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Asian Shares Retreat As Brexit Worries Mount

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Asian stocks fell broadly on Wednesday after British Prime Minister Theresa May lost a vote on her second Brexit proposal in a parliamentary showdown.

A "free vote" will take place today on a no-deal Brexit. If that fails, a further vote on Thursday will decide whether to extend the Brexit deadline.

Sentiment was also dented after U.S. trade representative Robert Lighthizer said that "major issues" must still be resolved for a successful U.S.-China trade deal.

Chinese shares tumbled as investors waited for signs of progress on the trade dispute with the United States.

The benchmark Shanghai Composite Index slumped 33.36 points or 1.1 percent to 3,026.95, while Hong Kong's Hang Seng Index fell 133.42 points or 0.4 percent to 28,807.45.

Japanese shares ended sharply lower as the yen strengthened amid continuing global uncertainties and a report showed Japanese machinery orders fell at the fastest pace in four months in January.

The total value of core machinery orders in Japan plunged a seasonally adjusted 5.4 percent in January, missing expectations for a decline of 1.5 percent following the downwardly revised 0.3 percent dip in December.

The Nikkei 225 Index fell 213.45 points 1 percent to 21,290.24 after rallying 1.8 percent in the previous session. The broader Topix closed 0.8 percent lower at 1,592.07.

Mitsubishi UFJ Financial, Dai-ichi Life Holdings and Nomura Holdings lost 1-3 percent after U.S. government debt yields fell on tame inflation data.

Canon, Honda Motors and Panasonic dropped 1-2 percent, while tech stocks such as Advantest and Sumco gave up more than 2 percent. Shin-Etsu Chemical climbed 2.1 percent on share buyback news.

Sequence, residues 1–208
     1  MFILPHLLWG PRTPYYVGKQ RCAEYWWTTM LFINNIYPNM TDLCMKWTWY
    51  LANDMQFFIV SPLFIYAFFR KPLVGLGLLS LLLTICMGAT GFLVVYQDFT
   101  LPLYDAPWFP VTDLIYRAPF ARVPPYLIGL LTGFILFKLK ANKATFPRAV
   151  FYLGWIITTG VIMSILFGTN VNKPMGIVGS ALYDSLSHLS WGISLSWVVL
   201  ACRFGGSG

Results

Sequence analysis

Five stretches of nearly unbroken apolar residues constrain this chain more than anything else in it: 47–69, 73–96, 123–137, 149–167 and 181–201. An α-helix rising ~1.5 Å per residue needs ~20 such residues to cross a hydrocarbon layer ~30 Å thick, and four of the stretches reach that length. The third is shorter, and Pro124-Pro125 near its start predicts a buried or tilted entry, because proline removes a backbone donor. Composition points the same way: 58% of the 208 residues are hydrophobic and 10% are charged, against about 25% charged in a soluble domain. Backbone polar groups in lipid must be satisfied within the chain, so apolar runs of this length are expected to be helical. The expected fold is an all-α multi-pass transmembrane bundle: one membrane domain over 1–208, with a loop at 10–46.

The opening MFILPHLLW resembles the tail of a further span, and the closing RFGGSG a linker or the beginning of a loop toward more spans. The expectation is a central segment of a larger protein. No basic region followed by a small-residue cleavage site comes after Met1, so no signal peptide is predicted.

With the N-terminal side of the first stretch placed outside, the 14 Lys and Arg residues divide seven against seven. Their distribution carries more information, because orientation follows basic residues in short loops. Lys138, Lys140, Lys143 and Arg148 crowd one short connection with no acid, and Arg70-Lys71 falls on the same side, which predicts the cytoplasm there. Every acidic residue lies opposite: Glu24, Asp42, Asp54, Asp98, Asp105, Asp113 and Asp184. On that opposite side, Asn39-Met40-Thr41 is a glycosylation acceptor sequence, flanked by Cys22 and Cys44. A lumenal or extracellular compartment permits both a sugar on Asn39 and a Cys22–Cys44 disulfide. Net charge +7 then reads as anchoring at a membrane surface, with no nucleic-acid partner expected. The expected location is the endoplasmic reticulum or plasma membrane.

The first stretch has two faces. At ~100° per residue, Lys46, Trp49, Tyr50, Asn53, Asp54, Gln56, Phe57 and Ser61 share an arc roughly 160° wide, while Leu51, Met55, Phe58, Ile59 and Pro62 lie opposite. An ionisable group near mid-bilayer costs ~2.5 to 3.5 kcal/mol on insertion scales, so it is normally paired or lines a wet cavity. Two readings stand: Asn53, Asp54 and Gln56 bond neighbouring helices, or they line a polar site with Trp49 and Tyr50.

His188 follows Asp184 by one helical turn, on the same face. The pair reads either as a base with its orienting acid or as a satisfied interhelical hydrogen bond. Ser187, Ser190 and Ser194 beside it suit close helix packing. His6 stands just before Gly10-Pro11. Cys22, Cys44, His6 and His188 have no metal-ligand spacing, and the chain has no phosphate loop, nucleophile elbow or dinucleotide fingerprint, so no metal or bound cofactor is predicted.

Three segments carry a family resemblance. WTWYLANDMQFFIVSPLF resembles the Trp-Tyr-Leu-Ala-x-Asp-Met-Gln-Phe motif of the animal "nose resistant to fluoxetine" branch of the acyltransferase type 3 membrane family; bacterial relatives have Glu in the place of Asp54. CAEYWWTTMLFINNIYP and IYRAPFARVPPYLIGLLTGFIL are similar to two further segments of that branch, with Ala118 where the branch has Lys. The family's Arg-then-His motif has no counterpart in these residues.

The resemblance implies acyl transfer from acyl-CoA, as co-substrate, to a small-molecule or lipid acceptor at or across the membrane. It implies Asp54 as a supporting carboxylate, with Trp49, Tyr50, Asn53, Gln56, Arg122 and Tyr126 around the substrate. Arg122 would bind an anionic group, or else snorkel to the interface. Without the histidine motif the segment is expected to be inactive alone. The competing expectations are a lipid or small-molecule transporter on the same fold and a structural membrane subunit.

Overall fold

Australian stocks fell for the fourth session in a row as Brexit-related uncertainty weighed on the markets and a slide in Westpac's consumer confidence reinforced a deteriorating outlook for the domestic economy.

The benchmark S&P/ASX 200 Index dipped 13.60 points or 0.2 percent to 6,161.20, while the broader All Ordinaries index ended down 14.60 points or 0.2 percent at 6,246.

Banks ended on a subdued note even as the government backed away from a pledge to ban trailing commissions for mortgage brokers.

Mining heavyweights BHP and Rio Tinto ended slightly lower, while gold miners Evolution, Regis Resources and Newcrest rallied 1-3 percent after gold prices rebounded overnight.

Pharmacy operator Sigma Healthcare plunged 12.3 percent after rejecting a takeover offer from Australian Pharmaceutical Industries.

Shares of Yowie Group soared 21.4 percent after the confectionery maker received a A$20 million takeover bid from investment firm Keybridge Capital.

Seoul stocks fell on uncertainties over U.S.-China trade negotiations and Britain's looming exit from the European Union.

The benchmark Kospi declined 8.77 points or 0.4 percent to finish at 2,148.41. Large-cap shares paced the decliners, with SK Hynix, Samsung Electronics and Hyundai Motor falling 1-2 percent.

New Zealand shares fell modestly, with the benchmark S&P/NZX 50 Index edging down 9.56 points or 0.1 percent to 9,387.69, dragged down by dual-listed banks.

In economic news, food prices in New Zealand advanced an unadjusted 0.4 percent in February, Statistics New Zealand said, slowing from the 1.0 percent gain in January.

Overnight, U.S. stocks ended mixed as Boeing shares continued to fall on safety concerns following another deadly crash involving its most popular plane.

Inflation remained in check last month, helping spur expectations the Fed will continue to refrain from raising interest rates in the near future.

The Dow dropped 0.4 percent, while the tech-heavy Nasdaq Composite rose 0.4 percent and the S&P 500 added 0.3 percent.

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